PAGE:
What are your very earliest memories of writing?

I must have been 6 or 7. I was sitting at our little play table in the kitchen and my mom had stapled some drawing paper together. My masterpiece at the time was a story about a horse (very accurately portrayed) named Christopher (my younger brother) who had a baby (science was never my jam). My elementary school (PRIMARY SCHOOL! I know that one!) had a glorious librarian who would type out your little stories for you on the typewriter (yes, kids, my middle name is Methuselah) on the bottom half of a small page, leaving the top of the page for illustrations, and then bind them up in a black plastic spiral. I don’t remember her name. Which makes me sad. I remember standing next to her at her desk while she typed my Horse Named Christopher story. It was not the last time I stood in that spot watching her type my stories.

What led you to write Ancora? Is it semi-autobiographical at all?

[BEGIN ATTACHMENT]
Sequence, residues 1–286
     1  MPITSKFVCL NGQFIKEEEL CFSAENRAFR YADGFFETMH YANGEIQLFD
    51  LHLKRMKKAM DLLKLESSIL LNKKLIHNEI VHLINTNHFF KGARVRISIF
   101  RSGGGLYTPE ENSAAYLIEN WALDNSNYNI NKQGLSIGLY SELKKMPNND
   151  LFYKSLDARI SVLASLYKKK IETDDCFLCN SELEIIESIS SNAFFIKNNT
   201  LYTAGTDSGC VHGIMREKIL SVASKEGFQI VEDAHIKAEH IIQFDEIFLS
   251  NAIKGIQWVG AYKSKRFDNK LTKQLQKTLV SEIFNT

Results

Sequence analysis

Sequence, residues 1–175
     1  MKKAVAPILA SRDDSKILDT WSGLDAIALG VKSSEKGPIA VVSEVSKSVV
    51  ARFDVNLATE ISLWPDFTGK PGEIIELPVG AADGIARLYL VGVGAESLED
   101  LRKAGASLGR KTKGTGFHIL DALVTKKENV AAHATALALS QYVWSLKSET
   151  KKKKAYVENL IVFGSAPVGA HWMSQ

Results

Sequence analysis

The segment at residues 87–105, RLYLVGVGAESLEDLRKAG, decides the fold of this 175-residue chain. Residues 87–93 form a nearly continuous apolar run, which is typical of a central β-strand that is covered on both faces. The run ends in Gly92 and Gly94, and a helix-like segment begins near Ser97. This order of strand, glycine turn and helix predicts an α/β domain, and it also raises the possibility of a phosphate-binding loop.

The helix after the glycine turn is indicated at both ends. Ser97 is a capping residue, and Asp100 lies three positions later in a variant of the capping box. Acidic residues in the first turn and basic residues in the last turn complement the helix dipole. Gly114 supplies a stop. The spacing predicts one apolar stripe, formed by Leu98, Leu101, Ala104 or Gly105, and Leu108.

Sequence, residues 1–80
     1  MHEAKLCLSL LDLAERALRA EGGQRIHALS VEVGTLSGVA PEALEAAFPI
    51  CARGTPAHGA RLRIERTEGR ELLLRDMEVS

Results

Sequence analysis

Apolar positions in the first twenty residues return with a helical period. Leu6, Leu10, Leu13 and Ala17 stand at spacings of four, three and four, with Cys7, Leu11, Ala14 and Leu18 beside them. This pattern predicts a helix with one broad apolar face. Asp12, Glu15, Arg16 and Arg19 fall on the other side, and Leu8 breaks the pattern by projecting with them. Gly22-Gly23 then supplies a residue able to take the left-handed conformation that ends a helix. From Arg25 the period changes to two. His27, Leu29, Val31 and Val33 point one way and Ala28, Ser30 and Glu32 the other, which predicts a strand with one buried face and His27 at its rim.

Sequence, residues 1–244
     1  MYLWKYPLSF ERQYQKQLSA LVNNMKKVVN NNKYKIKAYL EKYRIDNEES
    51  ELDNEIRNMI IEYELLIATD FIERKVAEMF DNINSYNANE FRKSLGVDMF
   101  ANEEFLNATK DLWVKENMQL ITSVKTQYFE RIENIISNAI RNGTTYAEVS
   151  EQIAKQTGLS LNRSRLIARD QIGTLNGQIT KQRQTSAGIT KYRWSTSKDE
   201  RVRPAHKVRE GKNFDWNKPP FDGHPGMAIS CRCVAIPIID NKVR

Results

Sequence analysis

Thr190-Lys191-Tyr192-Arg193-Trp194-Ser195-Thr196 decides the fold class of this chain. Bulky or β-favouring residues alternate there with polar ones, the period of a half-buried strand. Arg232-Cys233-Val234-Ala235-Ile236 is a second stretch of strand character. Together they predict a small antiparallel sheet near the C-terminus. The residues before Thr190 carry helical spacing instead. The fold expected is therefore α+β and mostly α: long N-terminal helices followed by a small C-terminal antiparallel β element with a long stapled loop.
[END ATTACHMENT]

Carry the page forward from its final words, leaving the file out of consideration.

My grandparents were Italian, and their marriage was arranged. My grandmother came through Ellis Island on May 25, 1938 on the steamship Conte di Savoia.  Their marriage was not awesome, but they had 7 children; my mother is the 6th. Their lives were very difficult, but I didn’t really understand that until I was older—the stories my mom told us were so funny and fascinating. As a 7-year-old, “paranoid schizophrenic” didn’t mean much. But “sneaking out of bed to play and put on secret performances” was fantastic. “Hungry” and “Abandoned” were very abstract to an 8-year-old living in comfort and much love, but “invisible dogs, skipping school, and dolls named Malaria who ate bread” were inspiring. In middle school, age 11-13, I started writing them down. I worked on them through High School and went more in depth in college at the University of Alabama. I went on to graduate school there as well for (Surprise!) Fiction Writing. Most of Ancora was my thesis. Six years later I was a stay at home mom with toddler and an infant, living here in England after three years in Germany, and feeling a bit lost. So, I took Ancora out and added some old personal essays.  After an embarrassing and painful failed first attempt at self-publishing, I scrapped all the essays and added the metaphorical story now layered throughout. I then did absolutely nothing with it for a few more years. Back in the States, I self-published it through McNally Jackson’s Book Machine. So now Ancora is back, but as a third or fourth version of itself. But who isn’t?